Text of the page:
In Britain, countless churches have been lost to the Gospel or closed altogether in the last fifty years, and many of the faithful congregations that remain have dwindled to a handful. Some, in panic, have yielded to church-growth gimmickry, charismatic worship and entertainment-evangelism in the hope that these will save the day. Others seem to await with patient pessimism their approaching demise.
But none of this was ever necessary, if only pastors and officers, stirred by zeal and faith, had sought to inculcate in their people a thirst for and commitment to untiring evangelism. Surely this should be one of the greatest aims of the minister – to build a soul-hungry fellowship of people ‘holding forth the word of life’. It is a supreme achievement when pastor and people say with Paul – ‘For necessity is laid upon me; yea, woe is unto me, if I preach not the gospel!’
Is this not our burden according to the great commission of the Lord? Is this not the priority set before us in the glorious history of the Acts of the Apostles? Then why, O why, do we deny the Lord by allowing soul-winning zeal to run down? Why do we fail to stir up believing hearts to view their churches as God’s light in a dying world? It must be our policy not only to promote evangelism, but to train everyone to be wholly identified with this great aim. Within each congregation solidarity in evangelism should be a most precious objective.
There must be regular evangelistic preaching, preferably one service every Lord’s Day being dedicated to the persuasive preaching of the Gospel. This is frequently pleaded for by this writer. When Paul wrote the words, just quoted, ‘Woe is unto me, if I preach not the gospel,’ he was referring to the soul-saving doctrines of the good news. (We can be sure of this because Paul only ever used the term ‘gospel’ in an evangelistic context.)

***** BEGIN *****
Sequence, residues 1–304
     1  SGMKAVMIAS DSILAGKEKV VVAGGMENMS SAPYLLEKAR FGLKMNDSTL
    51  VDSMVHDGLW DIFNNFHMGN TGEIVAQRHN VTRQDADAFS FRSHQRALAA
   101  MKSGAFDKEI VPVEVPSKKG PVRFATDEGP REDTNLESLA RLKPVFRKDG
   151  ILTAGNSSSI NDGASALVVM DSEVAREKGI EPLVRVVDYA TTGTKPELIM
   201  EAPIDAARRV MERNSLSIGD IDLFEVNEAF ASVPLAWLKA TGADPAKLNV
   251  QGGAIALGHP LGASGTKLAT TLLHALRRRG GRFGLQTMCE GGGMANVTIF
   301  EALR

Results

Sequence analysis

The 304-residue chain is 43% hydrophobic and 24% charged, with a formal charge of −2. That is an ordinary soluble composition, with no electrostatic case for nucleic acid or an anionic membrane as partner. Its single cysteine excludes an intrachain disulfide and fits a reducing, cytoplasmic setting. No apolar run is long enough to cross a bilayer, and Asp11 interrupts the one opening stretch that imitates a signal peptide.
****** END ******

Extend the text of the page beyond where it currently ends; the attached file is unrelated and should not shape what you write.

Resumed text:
There must also be child evangelism, not just a Sunday School that caters mainly for the children of church members, and that has no clear soul-winning emphasis, but a School which is as large as possible, seeking to draw in all the children in the vicinity of the church.
There must be constant encouragement of personal witness (far and away the principal means of bringing lost people to hear the Gospel).
There must be visitation, literature distribution, and whatever other means of spreading the Gospel that the Lord enables the fellowship to undertake. Does it happen in our church?
Here are four aspects of evangelistic effort to which a preacher must give attention as he seeks to build up a right ethos in the church.
1. Every congregation needs to develop a pressing sense of responsibility and calling in this matter, feeling the burden of having received an urgent commission from the Lord. This must be seen as one of the great reasons for our existence.
As churches we stand or fall to a great extent on whether we please our Redeemer in our attitude to Gospel proclamation. Indeed, we should even have a fear of punishment or loss should we fail the Lord in witness, perhaps by the forfeiture of privileges. The Lord cares whether we obey him, or disobey. If I am a pastor I must ask myself – What am I doing to encourage a high level of responsibility in God’s people?